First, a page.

While it is not necessary for a group of people to form a legal entity to claim the cash option, the Lottery asks a group of winners to form a legal entity with an assigned tax identification number for a jackpot prize paid in annual installments. This simplifies the tax reporting and prize distribution for a group of people receiving payments over an extended time.
When claiming a prize as a legal entity, the legal document organizing the entity must list the name of each member of the group, their city of residence, and the portion of the prize each person will receive.
The Lottery encourages all players to seek financial advice before claiming a large jackpot prize.
As with all claims, the names of those receiving prize funds and their city of residence is public record.
If I think I've won the jackpot, what should I do?
Players should sign the back of their ticket for security purposes, secure their ticket and treat it as cash. We also recommend that players who believe they hold a Powerball, Mega Millions or Lotto jackpot-winning ticket contact the Lottery's headquarters immediately at 225-297-2000 to schedule a time to claim their prize and have their questions answered. This will facilitate a smooth prize payment process. Players who believe they hold a jackpot-winning ticket must bring the original ticket to the Lottery's corporate headquarters in Baton Rouge within 180 days of the drawing in which the prize was won for verification and any prize payment. The Lottery recommends that before coming to claim a jackpot prize, winners get financial advice so they fully understand the tax or other legal implications involved.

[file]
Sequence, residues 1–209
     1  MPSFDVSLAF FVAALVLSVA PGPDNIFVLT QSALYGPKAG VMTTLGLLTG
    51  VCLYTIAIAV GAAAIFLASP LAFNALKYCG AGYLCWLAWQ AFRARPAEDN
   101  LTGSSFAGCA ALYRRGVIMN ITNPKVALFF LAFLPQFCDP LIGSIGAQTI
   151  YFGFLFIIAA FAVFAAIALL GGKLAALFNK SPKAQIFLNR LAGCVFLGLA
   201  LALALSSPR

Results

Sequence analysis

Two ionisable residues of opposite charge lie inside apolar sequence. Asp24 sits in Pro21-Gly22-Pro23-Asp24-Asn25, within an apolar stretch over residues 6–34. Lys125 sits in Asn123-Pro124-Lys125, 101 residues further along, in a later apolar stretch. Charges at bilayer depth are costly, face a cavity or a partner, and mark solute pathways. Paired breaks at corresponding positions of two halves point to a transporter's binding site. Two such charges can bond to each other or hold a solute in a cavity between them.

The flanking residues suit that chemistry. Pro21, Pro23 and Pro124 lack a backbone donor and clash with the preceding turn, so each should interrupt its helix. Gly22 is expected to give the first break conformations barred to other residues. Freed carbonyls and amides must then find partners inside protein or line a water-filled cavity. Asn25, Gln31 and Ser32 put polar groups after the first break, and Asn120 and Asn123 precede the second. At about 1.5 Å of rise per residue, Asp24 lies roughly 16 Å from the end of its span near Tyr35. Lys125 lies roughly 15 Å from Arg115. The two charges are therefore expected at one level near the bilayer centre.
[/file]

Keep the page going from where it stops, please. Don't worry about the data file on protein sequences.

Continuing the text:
If I win, can I remain anonymous?
If you win more than $600 and are therefore required to claim your prize at a Lottery office, you will be required to complete a claim form for tax purposes. Under the Lottery's statute, all prize payment records are open records, meaning that the public has a right to request the information. Depending upon the amount won and public or media interest in the win, winners may NOT be able to remain anonymous. The statute also allows the Lottery to use winners' names and city of residence for publicity purposes such as news releases. The Lottery's regular practice is not to use winner information in paid advertising or product promotion without the winner's willingness to participate.
What happens to unclaimed prizes?
According to the Lottery's statute, unclaimed prize money is returned to players in the form of prizes and promotions, such as increased payouts on scratch-offs and additional second-chance promotions.
Why does it seem like there are no winners in my area?